Earlier this year, a unanimous Supreme Court rejected claims by AT&T that the corporation had "personal privacy" rights that should be protected. Chief Justice John Roberts capped his opinion for the Court with a flourish: "We trust that AT&T will not take it personally." In the wake of this case and a few other losses suffered by business interests, some Court observers argued that the Roberts Court's reputation as a champion of corporate interests is unearned.
But this week's AT&T decision reminds us just how corporate friendly this court really is.
Wendesday's ruling in AT&T Mobility v. Concepcion involved the practice of what's called "binding arbitration." Typically, if you have a legal dispute you go to court to get it resolved, but some contracts contain provisions that force you to give up your right to sue. Instead, you go through "arbitration," in which disputes are resolved informally by a third party. Think of it as a sort of privatized judiciary. The advantages to companies are clear: disputes are resolved more quickly and arbitrators selected by corporations are likely to be favorable to corporate interests.
Arbitration clauses are often included in agreements for products like cell phones and credit cards, and AT&T had one in the contract signed by Vincent and Liza Concepcion, who were charged $30 for a "free" telephone by AT&T. Of course, 30 bucks on its own is hardly worth suing over. But the contract also made the couple waive their right to join other AT&T customers and bring a big claim -- even in arbitration court -- on behalf of everyone who was ripped off. Thankfully, in California it's illegal to make someone sign away their right to a class-action arbitration, so that's just what the Concepcions did.
In its defense, AT&T has argued that the California rule was inconsistent with federal law. This was based on the Federal Arbitration Act, which requires that agreements to go to arbitration be accepted "save upon such grounds as exist at law or in equity for the revocation of any contract." Federal law, in other words, recognizes that state law might forbid some kinds of contracts in general, but you can't ban the use of arbitration across the board. The obvious problem with AT&T's argument is that the California rule did not discriminate against arbitration agreements on the whole. It simply said you can't make consumers abandon their right to one. Both the U.S. District Court and a unanimous 9th Circuit panel rejected AT&T's argument.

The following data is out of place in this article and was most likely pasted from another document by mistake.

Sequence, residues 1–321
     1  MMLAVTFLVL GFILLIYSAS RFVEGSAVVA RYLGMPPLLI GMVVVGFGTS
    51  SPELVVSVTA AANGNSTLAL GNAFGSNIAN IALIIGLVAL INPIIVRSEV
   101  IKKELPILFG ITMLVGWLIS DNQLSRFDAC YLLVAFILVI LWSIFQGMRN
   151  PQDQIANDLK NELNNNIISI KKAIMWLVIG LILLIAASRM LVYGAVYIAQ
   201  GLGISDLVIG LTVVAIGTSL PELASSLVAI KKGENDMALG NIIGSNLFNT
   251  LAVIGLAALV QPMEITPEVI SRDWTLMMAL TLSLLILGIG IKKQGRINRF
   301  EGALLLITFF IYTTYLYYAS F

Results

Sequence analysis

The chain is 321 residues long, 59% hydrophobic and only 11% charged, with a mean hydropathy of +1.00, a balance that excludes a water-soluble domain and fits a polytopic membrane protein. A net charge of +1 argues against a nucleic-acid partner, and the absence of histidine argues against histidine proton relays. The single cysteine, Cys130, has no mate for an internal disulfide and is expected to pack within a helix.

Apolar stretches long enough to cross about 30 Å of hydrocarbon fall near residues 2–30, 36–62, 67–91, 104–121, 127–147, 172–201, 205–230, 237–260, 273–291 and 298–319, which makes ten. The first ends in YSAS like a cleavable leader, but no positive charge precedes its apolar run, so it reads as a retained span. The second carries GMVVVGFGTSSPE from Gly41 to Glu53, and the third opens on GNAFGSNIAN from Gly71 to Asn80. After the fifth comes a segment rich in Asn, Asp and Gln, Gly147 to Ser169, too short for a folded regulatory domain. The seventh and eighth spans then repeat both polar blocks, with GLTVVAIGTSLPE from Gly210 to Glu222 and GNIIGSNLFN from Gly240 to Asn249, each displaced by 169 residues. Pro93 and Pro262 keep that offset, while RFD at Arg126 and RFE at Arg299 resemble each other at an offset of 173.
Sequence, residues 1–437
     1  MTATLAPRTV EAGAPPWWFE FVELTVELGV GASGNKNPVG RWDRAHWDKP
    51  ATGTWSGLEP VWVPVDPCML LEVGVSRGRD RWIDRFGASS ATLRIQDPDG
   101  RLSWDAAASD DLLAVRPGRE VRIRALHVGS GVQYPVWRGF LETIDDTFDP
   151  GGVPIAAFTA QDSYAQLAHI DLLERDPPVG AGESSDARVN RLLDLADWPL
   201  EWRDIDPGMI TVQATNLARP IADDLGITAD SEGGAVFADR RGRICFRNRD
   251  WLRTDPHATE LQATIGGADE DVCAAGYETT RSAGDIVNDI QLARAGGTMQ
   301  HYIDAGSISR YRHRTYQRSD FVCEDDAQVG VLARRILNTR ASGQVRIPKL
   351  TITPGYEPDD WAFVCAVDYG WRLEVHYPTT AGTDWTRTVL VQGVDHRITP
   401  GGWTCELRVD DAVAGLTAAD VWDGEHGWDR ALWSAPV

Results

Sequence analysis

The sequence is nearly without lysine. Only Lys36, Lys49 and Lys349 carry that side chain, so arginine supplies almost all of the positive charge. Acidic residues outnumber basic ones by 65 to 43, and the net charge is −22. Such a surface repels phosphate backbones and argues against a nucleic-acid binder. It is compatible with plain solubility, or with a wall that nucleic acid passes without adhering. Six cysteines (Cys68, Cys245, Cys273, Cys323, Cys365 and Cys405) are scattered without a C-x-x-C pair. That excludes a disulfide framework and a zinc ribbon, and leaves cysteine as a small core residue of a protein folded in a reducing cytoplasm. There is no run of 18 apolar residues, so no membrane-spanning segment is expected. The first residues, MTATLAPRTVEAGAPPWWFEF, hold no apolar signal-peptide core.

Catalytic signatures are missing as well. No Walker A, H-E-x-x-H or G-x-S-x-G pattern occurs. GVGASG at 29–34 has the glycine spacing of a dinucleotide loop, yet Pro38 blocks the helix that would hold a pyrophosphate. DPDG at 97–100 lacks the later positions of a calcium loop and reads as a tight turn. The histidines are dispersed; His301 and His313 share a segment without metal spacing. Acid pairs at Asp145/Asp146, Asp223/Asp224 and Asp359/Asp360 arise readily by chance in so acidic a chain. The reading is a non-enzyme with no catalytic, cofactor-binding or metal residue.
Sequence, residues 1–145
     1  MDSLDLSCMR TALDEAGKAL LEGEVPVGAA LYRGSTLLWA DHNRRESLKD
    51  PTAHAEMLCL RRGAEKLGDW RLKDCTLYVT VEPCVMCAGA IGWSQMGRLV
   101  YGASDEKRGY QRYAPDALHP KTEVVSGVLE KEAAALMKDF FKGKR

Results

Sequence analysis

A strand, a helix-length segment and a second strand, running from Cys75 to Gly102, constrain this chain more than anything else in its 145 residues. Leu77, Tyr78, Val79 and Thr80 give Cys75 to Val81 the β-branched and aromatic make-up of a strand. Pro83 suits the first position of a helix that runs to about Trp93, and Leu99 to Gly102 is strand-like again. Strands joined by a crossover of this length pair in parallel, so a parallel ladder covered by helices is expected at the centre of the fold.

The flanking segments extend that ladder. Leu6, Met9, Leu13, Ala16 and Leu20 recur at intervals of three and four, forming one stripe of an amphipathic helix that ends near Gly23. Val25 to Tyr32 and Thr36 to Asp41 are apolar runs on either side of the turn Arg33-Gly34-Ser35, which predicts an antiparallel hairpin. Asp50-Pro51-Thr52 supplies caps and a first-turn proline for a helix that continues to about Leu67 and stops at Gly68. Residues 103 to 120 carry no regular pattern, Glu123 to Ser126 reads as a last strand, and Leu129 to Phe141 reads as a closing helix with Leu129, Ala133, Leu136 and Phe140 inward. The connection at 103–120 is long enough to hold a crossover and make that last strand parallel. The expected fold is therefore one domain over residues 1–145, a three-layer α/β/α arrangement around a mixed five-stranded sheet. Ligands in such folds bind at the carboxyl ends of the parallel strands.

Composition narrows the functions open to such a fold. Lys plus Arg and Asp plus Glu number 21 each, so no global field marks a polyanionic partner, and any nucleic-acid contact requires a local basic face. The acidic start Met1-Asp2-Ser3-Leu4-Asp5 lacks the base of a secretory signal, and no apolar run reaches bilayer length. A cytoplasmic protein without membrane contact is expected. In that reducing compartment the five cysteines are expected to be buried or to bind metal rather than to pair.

But the corporation found a more sympathetic ear at the Roberts Court. Justice Antonin Scalia's opinion for the bare five-member majority is striking in its pro-business slant. Less than a month after the same five justices were notably indifferent to the suffering of a man wrongly put on death row because of prosecutorial misconduct, the Court's Republican appointees recovered their empathy. They worried about what harm could befall a corporations if the California rule was allowed to stand. "Faced with even a small chance of a devastating loss," Scalia warned, "defendants will be pressured into settling questionable claims." Translation: Poor little AT&T might be "pressured" by threat of legal action to give in to customers, even when it just might be right.
The argument seems to miss the point that it's usually consumers who need protection, but that's not the only point the majority opinion missed. As Justice Breyer's persuasive dissent explains, this ruling makes it very difficult for consumers to fight small-stakes violations of their rights: "What rational lawyer would have signed on to represent the Concepcions in litigation for the possibility of fees stemming from a $30.22 claim?" The California rule on class-action arbitration was meant to address that problem, but the Justices in the majority offered no serious rebuttal to this objection. Nor does Scalia's opinion address the extent to which the arbitration process -- in which the arbitrators are not impartial but are selected by corporations -- is stacked against consumers.
These policy considerations would be beside the point if the Federal Arbitration Act clearly preempted the California rule, but it doesn't. The plain language of the Arbitration Act fits with the lower courts' rulings. States aren't required to favor arbitration, only to keep it on equal footing with traditional litigation. The strain required to read the California rule as discriminating against arbitration agreements just reflects how solicitous to powerful business interests the Court really is.
Nor can the outcome in AT&T v. Concepcion be justified by broader conservative constitutional principles. The Court's conservatives are allegedly committed to federalism -- that is, states' rights -- but here they called for federal uniformity. (Some of these same justices are likely to argue against federal uniformity when the Affordable Care Act and its alleged intrusion on state sovereignty comes up). From the Fugitive Slave Act to the Federal Partial-Birth Abortion Act, alleged conservative commitments to "federalism" rarely survive clashes with cherished conservative interests, and Wednesday's ruling is another case in point.
As a few cases earlier in the term reflect, the strong pro-corporate, anti-consumer disposition of the Roberts Court is not absolute. But it's important to remember that these cases are very much the exception, not the rule. We've even had studies to show this: The Roberts Court tendency to favor business interests is very strong. And the Court's bias in favor of groups that are already grossly over-represented in the political process is not easy to reconcile with our expectation of what courts should do: protect the downtrodden.